People have been writing about online shopping nibbling away at the revenues of offline retailers for years. Yet, as any retailer worth their salt understands, the two channels aren’t exclusive. In fact more and more often shoppers are switching between the two.
At BookingBug, we work closely with the world’s biggest retailers, banks and governments on projects that bridge the divide between the online and offline worlds. So we thought it was time someone got to the bottom of what was really happening.
Working with respected market research agency, Lightspeed, to poll over 2,000 consumers across in the UK and US about their habits, preferences and experiences.
What we discovered was a mixed picture of the modern shopper.
Offline retail isn’t going anywhere Just over half (55%) of US shoppers, and 45% of UK shoppers, still rely mainly on stores for a range of non-grocery shopping. Despite nearly 20 years of online retail, a trip to the shops is still a key part of consumer behavior.
Omnichannel is now the norm Around 94% of US customers (95% of UK) now use multiple channels when shopping, leaving only a small minority sticking to a single channel. Consumers also admitted to jumping between channels when shopping, seeing the rise of an increasingly complex customer journey.
Online window shopping is here 71% of customers admitted to researching products online before buying them in store (webrooming). On the other side of the coin, 51% say they have looked at products in stores before later buying them online (showrooming).
Online purchasing plateaus Around 30-40% of consumers increased online spend in the last year, but up to 76% expect it remain the same in the next 12 months. The swing between those who increased spend in the last year, but now expect more constant spend in the next year is around 10% across both territories.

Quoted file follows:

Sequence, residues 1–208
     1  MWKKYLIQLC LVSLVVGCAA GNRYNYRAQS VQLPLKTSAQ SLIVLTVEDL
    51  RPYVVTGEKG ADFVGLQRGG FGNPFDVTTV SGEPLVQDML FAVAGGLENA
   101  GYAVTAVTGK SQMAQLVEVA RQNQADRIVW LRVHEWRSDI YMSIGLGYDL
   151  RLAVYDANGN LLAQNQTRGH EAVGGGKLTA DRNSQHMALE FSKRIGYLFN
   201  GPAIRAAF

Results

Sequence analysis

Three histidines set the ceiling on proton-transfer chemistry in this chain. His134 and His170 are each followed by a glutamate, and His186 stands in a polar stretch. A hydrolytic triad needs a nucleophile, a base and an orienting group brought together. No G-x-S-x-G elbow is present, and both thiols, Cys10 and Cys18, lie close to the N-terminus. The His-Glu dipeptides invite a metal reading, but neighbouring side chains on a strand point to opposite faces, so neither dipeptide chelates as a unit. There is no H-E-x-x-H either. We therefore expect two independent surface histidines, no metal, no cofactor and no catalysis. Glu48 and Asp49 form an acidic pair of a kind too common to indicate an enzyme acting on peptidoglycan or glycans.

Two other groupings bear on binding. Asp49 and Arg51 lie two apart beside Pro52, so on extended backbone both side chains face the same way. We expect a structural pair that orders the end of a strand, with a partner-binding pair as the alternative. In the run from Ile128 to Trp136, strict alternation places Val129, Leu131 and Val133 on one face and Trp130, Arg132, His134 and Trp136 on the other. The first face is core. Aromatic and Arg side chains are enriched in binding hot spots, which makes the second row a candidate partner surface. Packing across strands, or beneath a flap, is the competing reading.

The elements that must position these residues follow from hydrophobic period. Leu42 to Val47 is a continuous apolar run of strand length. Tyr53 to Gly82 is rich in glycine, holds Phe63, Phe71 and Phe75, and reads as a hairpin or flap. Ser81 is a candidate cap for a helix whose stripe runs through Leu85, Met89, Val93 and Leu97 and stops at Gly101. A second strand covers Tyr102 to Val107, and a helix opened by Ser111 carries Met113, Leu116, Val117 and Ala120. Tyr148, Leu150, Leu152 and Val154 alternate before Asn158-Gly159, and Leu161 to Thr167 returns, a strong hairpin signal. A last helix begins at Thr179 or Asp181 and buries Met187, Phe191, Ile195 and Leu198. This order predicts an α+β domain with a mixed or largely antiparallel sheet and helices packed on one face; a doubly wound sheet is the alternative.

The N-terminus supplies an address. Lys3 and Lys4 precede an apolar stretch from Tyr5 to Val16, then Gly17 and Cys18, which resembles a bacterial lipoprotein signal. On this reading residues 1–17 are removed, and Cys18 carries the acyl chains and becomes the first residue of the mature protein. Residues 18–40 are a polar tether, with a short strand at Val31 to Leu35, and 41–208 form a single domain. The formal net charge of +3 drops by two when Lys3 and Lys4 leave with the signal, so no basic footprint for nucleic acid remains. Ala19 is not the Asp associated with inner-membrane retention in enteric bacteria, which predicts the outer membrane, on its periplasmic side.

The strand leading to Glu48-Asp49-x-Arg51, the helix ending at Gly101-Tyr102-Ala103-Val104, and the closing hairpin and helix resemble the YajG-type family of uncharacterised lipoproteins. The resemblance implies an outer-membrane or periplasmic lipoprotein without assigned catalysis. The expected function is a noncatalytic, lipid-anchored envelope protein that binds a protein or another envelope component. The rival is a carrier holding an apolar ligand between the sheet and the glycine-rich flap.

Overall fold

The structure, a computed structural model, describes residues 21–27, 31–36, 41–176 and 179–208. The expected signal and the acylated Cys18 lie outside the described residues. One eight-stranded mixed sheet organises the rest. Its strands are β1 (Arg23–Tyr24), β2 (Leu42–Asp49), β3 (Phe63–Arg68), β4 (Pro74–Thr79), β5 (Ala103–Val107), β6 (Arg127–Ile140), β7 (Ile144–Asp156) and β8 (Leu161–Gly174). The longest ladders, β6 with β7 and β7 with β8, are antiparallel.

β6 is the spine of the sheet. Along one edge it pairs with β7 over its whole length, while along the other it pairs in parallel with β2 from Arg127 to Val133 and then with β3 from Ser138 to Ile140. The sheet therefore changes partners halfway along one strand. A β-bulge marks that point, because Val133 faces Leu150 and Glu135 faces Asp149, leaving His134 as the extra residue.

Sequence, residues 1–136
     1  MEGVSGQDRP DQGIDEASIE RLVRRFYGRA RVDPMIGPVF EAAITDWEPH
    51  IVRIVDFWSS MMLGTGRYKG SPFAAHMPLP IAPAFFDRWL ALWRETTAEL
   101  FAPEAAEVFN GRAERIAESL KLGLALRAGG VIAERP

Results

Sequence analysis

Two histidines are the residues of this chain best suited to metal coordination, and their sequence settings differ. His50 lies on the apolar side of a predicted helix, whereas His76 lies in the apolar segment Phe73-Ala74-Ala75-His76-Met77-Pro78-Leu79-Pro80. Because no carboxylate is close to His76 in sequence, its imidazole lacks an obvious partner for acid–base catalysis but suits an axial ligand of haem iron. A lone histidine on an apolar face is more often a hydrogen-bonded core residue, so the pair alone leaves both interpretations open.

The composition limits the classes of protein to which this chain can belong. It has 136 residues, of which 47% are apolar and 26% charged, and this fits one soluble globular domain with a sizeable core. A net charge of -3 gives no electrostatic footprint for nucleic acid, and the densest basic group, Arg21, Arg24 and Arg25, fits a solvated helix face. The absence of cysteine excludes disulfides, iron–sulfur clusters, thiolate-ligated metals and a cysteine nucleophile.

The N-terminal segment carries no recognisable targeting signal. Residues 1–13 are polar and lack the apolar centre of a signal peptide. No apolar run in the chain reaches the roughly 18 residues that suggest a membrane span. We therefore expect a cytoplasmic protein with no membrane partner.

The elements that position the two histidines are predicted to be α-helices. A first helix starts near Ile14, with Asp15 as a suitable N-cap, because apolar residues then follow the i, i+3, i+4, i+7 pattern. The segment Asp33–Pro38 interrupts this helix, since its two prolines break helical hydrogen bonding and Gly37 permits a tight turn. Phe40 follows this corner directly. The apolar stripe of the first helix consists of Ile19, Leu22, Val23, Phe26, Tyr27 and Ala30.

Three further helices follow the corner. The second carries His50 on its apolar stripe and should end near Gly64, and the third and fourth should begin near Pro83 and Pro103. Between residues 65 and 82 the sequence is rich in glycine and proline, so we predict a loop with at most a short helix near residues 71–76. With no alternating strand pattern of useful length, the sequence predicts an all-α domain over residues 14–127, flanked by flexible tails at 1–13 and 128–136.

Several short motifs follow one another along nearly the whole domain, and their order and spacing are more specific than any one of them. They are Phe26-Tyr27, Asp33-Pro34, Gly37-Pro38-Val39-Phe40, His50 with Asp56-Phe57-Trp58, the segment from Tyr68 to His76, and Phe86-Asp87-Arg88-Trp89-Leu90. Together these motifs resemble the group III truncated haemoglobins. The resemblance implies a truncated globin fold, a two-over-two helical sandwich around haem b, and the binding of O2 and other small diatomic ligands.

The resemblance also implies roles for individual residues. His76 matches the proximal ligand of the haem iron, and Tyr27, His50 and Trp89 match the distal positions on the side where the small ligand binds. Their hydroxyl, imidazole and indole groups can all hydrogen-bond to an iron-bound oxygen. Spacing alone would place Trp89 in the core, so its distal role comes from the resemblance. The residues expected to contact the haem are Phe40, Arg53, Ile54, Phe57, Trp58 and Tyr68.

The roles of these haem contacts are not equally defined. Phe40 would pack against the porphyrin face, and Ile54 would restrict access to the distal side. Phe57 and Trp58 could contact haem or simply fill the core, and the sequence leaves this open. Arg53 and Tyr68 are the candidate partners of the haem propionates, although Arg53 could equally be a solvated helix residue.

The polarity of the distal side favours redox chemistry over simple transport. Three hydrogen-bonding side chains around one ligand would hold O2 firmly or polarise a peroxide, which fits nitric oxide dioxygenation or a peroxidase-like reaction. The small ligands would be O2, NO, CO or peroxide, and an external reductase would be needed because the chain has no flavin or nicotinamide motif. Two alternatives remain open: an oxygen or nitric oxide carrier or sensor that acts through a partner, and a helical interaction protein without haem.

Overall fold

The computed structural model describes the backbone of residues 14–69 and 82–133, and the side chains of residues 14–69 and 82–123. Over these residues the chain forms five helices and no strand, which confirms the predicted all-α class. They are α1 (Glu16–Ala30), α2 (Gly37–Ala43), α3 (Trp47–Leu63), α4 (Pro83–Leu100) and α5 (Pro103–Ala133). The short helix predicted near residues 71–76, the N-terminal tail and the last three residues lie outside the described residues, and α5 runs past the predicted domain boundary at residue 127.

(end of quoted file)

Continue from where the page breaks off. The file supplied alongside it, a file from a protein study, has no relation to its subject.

Click and collect isn’t the real reason we go offline A quarter of consumers had still never tried click and collect. And only 47% of consumers claimed to sometimes or often use click and collect with electronics being the most popular category.
So what do customers want?
At the heart of all this data is one important consideration for organizations: when online is such a great part of the customer experience, what role does the store play without just becoming a costly, legacy channel?
In our experience, the most successful banks and retailers confront this head on. Stores and branches act as a venue for the most important interactions with their highest value customers.
According to our survey, 44% of consumers found stores gave them the best sense of a company they are buying from, compared to only 15% for online.
It’s clear these physical locations played a key role in helping customers understand a brand’s identity, as well as providing key information about products and services.
But is that alone enough to justify enormous, expensive stores with expert staff and layouts?
It’s time to reconsider how we engineer the in store experience, and focus it on the customers where it really makes a difference.